Spring migration patterns of red knots in the Southeast United States disentangled using automated telemetry

Red Knots on Deveaux Bank, South Carolina. Image Credit: Maina Handmaker


Red Knots use the Southeast United States as a stopover during north and southbound migration and during the winter. We examined northbound red knot migration routes and timing using an automated telemetry network. Our primary goal was to evaluate the relative use of an Atlantic migratory route through Delaware Bay versus an inland route through the Great Lakes en route to Arctic breeding grounds and to identify areas of apparent stopovers. Secondarily, we explored the association of red knot routes and ground speeds with prevailing atmospheric conditions. Most Red Knots migrating north from the Southeast United States skipped or likely skipped Delaware Bay (73%) while 27% of the knots stopped in Delaware Bay for at least 1 day. A few knots used an Atlantic Coast strategy that did not include Delaware Bay, relying instead on the areas around Chesapeake Bay or New York Bay for stopovers. Nearly 80% of migratory trajectories were associated with tailwinds at departure. Most knots tracked in our study traveled north through the eastern Great Lake Basin, without stopping, thus making the Southeast United States the last terminal stopover for some knots before reaching boreal or Arctic stopover sites.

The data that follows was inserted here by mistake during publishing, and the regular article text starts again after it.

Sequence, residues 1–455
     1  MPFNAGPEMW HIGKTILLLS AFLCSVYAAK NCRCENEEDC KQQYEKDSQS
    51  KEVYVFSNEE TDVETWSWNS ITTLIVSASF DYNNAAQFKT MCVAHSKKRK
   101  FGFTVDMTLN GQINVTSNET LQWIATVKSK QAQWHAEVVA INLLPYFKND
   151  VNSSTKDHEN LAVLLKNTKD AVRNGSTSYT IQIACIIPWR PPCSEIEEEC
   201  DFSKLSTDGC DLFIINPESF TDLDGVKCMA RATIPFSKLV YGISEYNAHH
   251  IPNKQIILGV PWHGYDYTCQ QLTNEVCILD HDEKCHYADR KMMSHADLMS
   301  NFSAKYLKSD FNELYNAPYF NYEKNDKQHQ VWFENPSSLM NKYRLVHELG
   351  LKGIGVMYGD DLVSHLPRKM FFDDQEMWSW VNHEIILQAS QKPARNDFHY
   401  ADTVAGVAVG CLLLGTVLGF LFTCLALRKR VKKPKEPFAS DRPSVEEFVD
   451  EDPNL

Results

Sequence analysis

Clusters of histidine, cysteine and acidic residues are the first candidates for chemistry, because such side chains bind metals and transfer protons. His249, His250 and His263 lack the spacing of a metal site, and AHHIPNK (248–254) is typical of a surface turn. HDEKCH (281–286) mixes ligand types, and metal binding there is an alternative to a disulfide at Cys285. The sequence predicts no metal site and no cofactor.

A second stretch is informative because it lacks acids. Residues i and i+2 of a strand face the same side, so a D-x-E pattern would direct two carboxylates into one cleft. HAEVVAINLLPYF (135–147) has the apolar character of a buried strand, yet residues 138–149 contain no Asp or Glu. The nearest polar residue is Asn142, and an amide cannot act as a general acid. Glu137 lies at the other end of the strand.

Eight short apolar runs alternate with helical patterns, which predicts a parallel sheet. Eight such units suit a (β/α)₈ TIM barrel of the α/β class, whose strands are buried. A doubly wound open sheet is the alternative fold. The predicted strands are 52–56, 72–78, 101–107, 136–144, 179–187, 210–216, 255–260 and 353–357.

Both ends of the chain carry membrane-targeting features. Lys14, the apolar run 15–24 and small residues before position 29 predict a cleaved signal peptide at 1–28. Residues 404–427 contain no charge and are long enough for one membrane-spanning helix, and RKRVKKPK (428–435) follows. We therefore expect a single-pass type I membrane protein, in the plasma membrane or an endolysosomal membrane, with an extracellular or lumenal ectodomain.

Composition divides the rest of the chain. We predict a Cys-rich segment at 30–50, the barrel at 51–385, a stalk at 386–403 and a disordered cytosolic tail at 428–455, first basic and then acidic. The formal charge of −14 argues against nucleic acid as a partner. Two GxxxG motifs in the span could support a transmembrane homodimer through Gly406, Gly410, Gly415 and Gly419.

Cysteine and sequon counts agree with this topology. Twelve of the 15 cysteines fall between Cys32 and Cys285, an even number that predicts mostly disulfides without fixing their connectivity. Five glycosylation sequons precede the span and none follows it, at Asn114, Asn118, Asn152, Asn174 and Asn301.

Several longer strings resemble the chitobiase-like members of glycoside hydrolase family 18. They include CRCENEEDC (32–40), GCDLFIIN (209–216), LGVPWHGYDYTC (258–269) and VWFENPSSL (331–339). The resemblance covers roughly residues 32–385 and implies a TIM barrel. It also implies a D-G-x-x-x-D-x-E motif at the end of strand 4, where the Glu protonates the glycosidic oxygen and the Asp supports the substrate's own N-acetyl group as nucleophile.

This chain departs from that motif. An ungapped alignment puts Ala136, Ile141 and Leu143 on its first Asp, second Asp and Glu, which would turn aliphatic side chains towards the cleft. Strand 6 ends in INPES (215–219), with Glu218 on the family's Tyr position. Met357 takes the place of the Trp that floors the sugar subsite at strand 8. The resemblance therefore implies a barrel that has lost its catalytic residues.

In Scientific Reports
Maina Handmaker
Maina Handmaker
PhD Candidate

I am a graduate student in the Senner Lab at the University of Massachusetts Amherst. My current research is focused on the stopover ecology of long-distance migratory shorebirds.